Fred Lawrence Whipple Observatory

(redirected from Whipple Observatory)

Fred Lawrence Whipple Observatory,

astronomical observatoryobservatory,
scientific facility especially equipped to detect and record naturally occurring scientific phenomena. Although geological and meteorological observatories exist, the term is generally applied to astronomical observatories.
..... Click the link for more information.
 located 35 mi (56 km) S of Tucson, Ariz., at an altitude of 8,500 ft (2,590 m). It is operated jointly by the Smithsonian Astrophysical Observatory and the Univ. of Arizona. Formerly known as the Mount Hopkins Observatory, it was renamed in 1982 for the American astronomer Fred Lawrence Whipple, who was instrumental in establishing the observatory. Until 1998 the observatory was best known for its principal instrument, the highly unusual Multiple-Mirror Telescope (MMT). This consisted of six identical 72-in. (183-cm) reflecting telescopes mounted in a hexagonal array on a common mounting and feeding their images to a single focus. A 30-in. (76-cm) reflector in the center of the mounting served as a guide telescope. The combined light-gathering power of the MMT was equal to that of a conventional 176-in. (447-cm) reflector. The MMT was replaced in 1999 with a conventional 256-in. (6.5-m) single-mirror telescope. Also at the observatory are a 60-in. (152-cm) and a 394-in. (10-m) dish with 248 small mirrors used for gamma-ray astronomygamma-ray astronomy,
study of astronomical objects by analysis of the most energetic electromagnetic radiation they emit. Gamma rays are shorter in wavelength and hence more energetic than X rays (see gamma radiation) but much harder to detect and to pinpoint.
..... Click the link for more information.
The Columbia Electronic Encyclopedia™ Copyright © 2013, Columbia University Press. Licensed from Columbia University Press. All rights reserved.
References in periodicals archive ?
Breakthrough Listen, a project that attempts to detect intelligent extraterrestrial communications in the universe, has announced that its team will start to look for this potential new sign of alien technology using the Very Energetic Radiation Imaging Telescope Array System (VERITAS) at the Fred Lawrence Whipple Observatory in Amado, Arizona. 
Breakthrough Listen has announced a collaboration with the VERITAS (Very Energetic Radiation Imaging Telescope Array System) array of four 12 meter telescopes, located at the Fred Lawrence Whipple Observatory in Arizona.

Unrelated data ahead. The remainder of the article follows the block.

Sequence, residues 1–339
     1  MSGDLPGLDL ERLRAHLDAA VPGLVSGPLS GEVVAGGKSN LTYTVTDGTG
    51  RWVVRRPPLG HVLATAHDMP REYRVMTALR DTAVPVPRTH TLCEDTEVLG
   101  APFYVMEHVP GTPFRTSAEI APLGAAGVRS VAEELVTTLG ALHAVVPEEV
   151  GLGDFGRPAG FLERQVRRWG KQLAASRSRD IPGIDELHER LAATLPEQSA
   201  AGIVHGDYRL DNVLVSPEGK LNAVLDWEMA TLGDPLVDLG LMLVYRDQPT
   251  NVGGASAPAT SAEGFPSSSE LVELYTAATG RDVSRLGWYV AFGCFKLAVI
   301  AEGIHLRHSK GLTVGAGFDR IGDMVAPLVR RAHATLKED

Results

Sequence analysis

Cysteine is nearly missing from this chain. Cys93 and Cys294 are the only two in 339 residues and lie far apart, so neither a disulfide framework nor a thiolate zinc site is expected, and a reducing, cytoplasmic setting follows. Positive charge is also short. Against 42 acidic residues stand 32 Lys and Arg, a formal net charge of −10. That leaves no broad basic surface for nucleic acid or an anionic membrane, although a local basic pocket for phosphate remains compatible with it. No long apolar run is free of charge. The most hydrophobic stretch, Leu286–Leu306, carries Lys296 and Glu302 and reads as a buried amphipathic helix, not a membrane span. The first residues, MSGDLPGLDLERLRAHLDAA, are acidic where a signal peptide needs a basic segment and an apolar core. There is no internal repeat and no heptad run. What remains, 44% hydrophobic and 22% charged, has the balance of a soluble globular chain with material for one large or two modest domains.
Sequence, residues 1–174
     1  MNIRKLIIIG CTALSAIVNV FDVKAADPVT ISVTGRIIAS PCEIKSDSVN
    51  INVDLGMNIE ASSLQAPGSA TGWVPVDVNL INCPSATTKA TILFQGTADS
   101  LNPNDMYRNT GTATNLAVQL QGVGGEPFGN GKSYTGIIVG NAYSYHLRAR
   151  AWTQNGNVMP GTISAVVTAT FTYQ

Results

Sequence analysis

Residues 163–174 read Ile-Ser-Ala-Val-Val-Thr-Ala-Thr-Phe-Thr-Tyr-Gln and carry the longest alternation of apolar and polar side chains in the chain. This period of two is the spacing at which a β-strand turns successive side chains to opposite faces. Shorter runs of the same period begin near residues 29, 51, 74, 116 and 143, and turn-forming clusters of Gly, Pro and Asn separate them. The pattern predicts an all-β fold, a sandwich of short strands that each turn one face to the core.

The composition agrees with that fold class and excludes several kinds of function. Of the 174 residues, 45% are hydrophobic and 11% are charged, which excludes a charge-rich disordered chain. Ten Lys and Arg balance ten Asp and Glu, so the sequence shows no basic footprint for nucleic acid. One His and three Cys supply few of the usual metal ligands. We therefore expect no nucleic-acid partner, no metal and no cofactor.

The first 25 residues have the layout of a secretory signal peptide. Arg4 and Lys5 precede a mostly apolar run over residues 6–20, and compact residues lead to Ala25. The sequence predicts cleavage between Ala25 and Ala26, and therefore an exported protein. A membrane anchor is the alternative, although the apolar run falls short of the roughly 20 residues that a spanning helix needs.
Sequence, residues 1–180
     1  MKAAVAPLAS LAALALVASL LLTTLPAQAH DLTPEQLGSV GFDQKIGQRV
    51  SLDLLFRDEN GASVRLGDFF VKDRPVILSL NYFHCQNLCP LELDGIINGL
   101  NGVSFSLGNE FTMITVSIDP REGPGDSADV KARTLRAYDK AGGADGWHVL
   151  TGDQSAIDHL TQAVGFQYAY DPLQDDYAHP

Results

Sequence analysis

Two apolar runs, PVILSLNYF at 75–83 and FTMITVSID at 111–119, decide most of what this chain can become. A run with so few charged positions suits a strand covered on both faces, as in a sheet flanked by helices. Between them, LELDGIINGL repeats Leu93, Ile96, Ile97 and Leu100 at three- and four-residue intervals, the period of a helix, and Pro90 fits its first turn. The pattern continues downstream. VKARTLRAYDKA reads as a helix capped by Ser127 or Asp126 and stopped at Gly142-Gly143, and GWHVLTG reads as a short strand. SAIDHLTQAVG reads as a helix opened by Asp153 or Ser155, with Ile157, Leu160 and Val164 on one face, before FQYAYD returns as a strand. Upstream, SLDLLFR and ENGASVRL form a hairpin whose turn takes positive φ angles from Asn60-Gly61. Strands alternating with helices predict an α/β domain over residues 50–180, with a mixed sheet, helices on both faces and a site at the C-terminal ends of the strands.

The MMT, located on the site of the Fred Lawrence Whipple Observatory, is one of the world's largest astronomical telescopes, located on top of the 8,530-high Mount Hopkins, south of Tucson, Arizona.
Once the new planet was identified, it was confirmed by Latham using radial velocity observations gathered by the TRES spectrograph at Whipple Observatory in Arizona, and by Lev Tal-Or (Tel Aviv University) using the SOPHIE spectrograph at the Haute-Provence Observatory in France.
Three of the telescopes are located at the CfA in Cambridge, Massachusetts, and the other two at the Whipple Observatory near Tucson, Arizona.
Some of the galaxies mapped had previously-measured redshifts, and Huchra started painstakingly measuring redshifts for the others in the late 1990s using mainly two telescopes: one at the Fred Lawrence Whipple Observatory on Mt.
The Harvard-Smithsonian team, with Dr Al Subai, followed up on the most promising candidates, making spectroscopic observations with the 1.5 m diameter telescope at the Smithsonian's Whipple Observatory in Arizona.
And if David Charbonneau has any say about it, that historic find will come from eight tiny telescopes his team has just finished assembling at the Fred Lawrence Whipple Observatory on Mount Hopkins in Arizona.
Four of the telescopes are at the Whipple Observatory in Arizona, and the other two are in Hawaii.
I centered myself over southern Arizona and zoomed in until I found Mount Hopkins, home to several telescopes of Whipple Observatory. I followed the winding mountain road back to the visitors' center where, nearby, I could see the structure that once held the six mirrors of the Multiple Mirror Telescope now blindly starring upward.